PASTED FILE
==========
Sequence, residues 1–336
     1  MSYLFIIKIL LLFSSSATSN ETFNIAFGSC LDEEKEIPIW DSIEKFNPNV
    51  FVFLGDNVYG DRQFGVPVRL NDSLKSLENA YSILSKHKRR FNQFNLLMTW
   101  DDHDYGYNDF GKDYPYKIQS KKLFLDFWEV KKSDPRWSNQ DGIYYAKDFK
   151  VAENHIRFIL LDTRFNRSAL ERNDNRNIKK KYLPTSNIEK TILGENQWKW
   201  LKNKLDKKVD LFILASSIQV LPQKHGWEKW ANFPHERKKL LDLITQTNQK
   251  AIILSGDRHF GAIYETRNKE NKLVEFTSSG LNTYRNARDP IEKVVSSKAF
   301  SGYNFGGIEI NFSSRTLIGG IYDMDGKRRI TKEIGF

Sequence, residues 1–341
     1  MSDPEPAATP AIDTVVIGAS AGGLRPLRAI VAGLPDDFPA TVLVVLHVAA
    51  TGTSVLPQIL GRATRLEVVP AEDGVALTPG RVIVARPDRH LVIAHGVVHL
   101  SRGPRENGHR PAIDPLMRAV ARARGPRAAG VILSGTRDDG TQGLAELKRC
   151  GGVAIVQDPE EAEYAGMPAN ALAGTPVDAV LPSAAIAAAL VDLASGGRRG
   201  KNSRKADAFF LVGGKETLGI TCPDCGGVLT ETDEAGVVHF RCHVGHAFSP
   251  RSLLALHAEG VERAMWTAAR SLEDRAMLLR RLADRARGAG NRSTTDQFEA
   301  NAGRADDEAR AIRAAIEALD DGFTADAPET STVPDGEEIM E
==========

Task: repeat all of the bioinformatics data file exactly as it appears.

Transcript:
Sequence, residues 1–336
     1  MSYLFIIKIL LLFSSSATSN ETFNIAFGSC LDEEKEIPIW DSIEKFNPNV
    51  FVFLGDNVYG DRQFGVPVRL NDSLKSLENA YSILSKHKRR FNQFNLLMTW
   101  DDHDYGYNDF GKDYPYKIQS KKLFLDFWEV KKSDPRWSNQ DGIYYAKDFK
   151  VAENHIRFIL LDTRFNRSAL ERNDNRNIKK KYLPTSNIEK TILGENQWKW
   201  LKNKLDKKVD LFILASSIQV LPQKHGWEKW ANFPHERKKL LDLITQTNQK
   251  AIILSGDRHF GAIYETRNKE NKLVEFTSSG LNTYRNARDP IEKVVSSKAF
   301  SGYNFGGIEI NFSSRTLIGG IYDMDGKRRI TKEIGF

Sequence, residues 1–341
     1  MSDPEPAATP AIDTVVIGAS AGGLRPLRAI VAGLPDDFPA TVLVVLHVAA
    51  TGTSVLPQIL GRATRLEVVP AEDGVALTPG RVIVARPDRH LVIAHGVVHL
   101  SRGPRENGHR PAIDPLMRAV ARARGPRAAG VILSGTRDDG TQGLAELKRC
   151  GGVAIVQDPE EAEYAGMPAN ALAGTPVDAV LPSAAIAAAL VDLASGGRRG
   201  KNSRKADAFF LVGGKETLGI TCPDCGGVLT ETDEAGVVHF RCHVGHAFSP
   251  RSLLALHAEG VERAMWTAAR SLEDRAMLLR RLADRARGAG NRSTTDQFEA
   301  NAGRADDEAR AIRAAIEALD DGFTADAPET STVPDGEEIM E